Bagels - First time


 

Bob H.

TVWBB Hall of Fame
So we moved and we haven't found anywhere around that has good bagels so I thought I would give it a try. I made 8 bagels and they came out with the proper amount of chewiness and a nice textured crust. I followed this recipe and substituted 1/2 cup whole wheat flower, used malt powder, boiled 1 1/2 minutes per side, of course seasoned both sides, and baked 12 minutes after flipping. https://www.epicurious.com/.../food/views/bagels-366757...
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Joe, your bagels look TOO GOOD to eat!
 

Brett-EDH

TVWBB Diamond Member
So once again you guys pushed me to go further. I made my own lox. I did not know it was so easy. Not saving much $$ though. I was at Costco and purchased some wild caught salmon $15 / lb I believe. My wife cooked up 1/2 and I took the rest and made up a mix of 50 /50 salt and brown sugar and a dash of dill, coated both sides wrapped in plastic and put in fridge for 2 days. Sliced up and it came out like the real thing! Some day I may smoke for an hour or 2 to make nova. But then the classic dilemma. No bagels. So here is batch 2. One thing I noticed is that the bagels tend to deflate a little after boiling and don't have quite enough puff for me. Any ideas?
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lox freezes well. just double wrap in plastic wrap and add the slightest amount if oil so the lox doesn't freezer burn.

any pics of your cured salmon slab? you're brave using wild salmon. i've only used farm raised and have been very happy with the results.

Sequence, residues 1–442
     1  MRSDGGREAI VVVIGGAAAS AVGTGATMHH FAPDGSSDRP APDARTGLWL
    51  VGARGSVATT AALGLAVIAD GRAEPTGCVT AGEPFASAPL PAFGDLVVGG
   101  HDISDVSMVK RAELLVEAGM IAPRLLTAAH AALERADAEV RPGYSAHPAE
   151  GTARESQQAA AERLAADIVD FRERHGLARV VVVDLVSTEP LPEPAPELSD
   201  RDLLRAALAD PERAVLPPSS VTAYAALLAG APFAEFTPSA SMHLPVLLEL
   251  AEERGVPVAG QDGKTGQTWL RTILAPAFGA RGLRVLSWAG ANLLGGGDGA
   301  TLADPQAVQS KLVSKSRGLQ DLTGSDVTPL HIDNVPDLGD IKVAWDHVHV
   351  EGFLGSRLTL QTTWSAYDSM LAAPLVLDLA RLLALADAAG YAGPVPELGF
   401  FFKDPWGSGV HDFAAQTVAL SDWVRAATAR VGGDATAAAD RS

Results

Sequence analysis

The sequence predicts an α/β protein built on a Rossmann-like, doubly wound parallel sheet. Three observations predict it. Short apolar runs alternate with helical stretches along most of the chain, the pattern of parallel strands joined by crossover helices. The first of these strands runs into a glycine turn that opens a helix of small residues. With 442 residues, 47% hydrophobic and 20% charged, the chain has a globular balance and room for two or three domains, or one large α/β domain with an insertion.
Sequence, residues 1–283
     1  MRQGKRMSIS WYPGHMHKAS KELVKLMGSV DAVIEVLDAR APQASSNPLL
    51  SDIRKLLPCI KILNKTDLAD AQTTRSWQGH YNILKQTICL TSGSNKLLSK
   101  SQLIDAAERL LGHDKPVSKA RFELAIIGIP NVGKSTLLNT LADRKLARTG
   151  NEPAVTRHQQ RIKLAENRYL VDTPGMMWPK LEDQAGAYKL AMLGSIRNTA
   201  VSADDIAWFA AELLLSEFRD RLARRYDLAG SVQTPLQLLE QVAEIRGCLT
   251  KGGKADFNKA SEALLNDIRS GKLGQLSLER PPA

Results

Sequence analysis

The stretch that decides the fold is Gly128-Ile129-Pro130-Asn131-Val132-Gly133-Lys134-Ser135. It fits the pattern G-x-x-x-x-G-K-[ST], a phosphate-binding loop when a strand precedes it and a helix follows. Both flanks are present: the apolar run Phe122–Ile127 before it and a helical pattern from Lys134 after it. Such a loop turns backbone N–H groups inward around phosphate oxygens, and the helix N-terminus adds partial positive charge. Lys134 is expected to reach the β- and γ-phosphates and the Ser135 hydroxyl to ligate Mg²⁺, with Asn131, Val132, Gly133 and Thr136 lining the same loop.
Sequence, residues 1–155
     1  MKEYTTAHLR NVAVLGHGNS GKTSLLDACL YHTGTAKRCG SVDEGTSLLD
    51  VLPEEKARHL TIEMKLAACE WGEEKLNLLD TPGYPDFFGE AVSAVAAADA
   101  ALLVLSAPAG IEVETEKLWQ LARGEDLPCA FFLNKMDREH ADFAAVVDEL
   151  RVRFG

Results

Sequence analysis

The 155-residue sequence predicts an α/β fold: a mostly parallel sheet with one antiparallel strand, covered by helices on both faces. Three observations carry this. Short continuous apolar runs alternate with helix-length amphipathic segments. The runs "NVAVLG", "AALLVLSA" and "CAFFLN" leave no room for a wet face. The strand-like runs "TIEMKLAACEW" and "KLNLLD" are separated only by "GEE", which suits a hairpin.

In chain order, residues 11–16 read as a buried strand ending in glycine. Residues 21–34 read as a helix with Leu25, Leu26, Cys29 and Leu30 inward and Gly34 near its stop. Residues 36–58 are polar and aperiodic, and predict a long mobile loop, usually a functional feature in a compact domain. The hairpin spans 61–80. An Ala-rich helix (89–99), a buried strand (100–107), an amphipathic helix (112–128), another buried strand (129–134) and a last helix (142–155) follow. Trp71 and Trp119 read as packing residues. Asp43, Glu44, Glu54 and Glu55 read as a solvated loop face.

great work and killer bagels! as for savings, there is some making your own, using farm raised salmon. shrinkage is low after the cure but the flavor difference between commercial and homemade is miles apart, IMO.
 

Joe Anshien

TVWBB Emerald Member
lox freezes well. just double wrap in plastic wrap and add the slightest amount if oil so the lox doesn't freezer burn.

any pics of your cured salmon slab? you're brave using wild salmon. i've only used farm raised and have been very happy with the results.

great work and killer bagels! as for savings, there is some making your own, using farm raised salmon. shrinkage is low after the cure but the flavor difference between commercial and homemade is miles apart, IMO.
Sorry I should have taken pics of the filet but totally spaced. I promise next time, and pretty sure there will be a next time;-) We try eating only wild caught sea food (mostly USA) after seeing a few documentaries on sea food farming practices in addition to the ecological damages a lot of farms do. Also not crazy about the idea of feeding the fish food with coloring / dyes in it.
 

Rich G

TVWBB Honor Circle
Joe, I've experienced similar "deflation" when I make boiled bagels. And while I recognize that every New Yorker will hate me for saying this.....I think I've figured out that I don't like boiled bagels as much. (Ducks for cover!) 🤣🤣

I don't have a solution for you, but I am going to try out a recipe for "Jerusalem" bagels, which are a non-boiled street food item that seems to be more typically elongated, rather than round like a "traditional" bagel. Since they aren't boiled, they shouldn't suffer from deflation after the proof. We'll see.

BTW, your bagels look fantastic. Crust and crumb look as they should for a more traditional, NY style bagel.
 

Brett-EDH

TVWBB Diamond Member
every New Yorker will hate me for saying this.....I think I've figured out that I don't like boiled bagels as much. (Ducks for cover!) 🤣🤣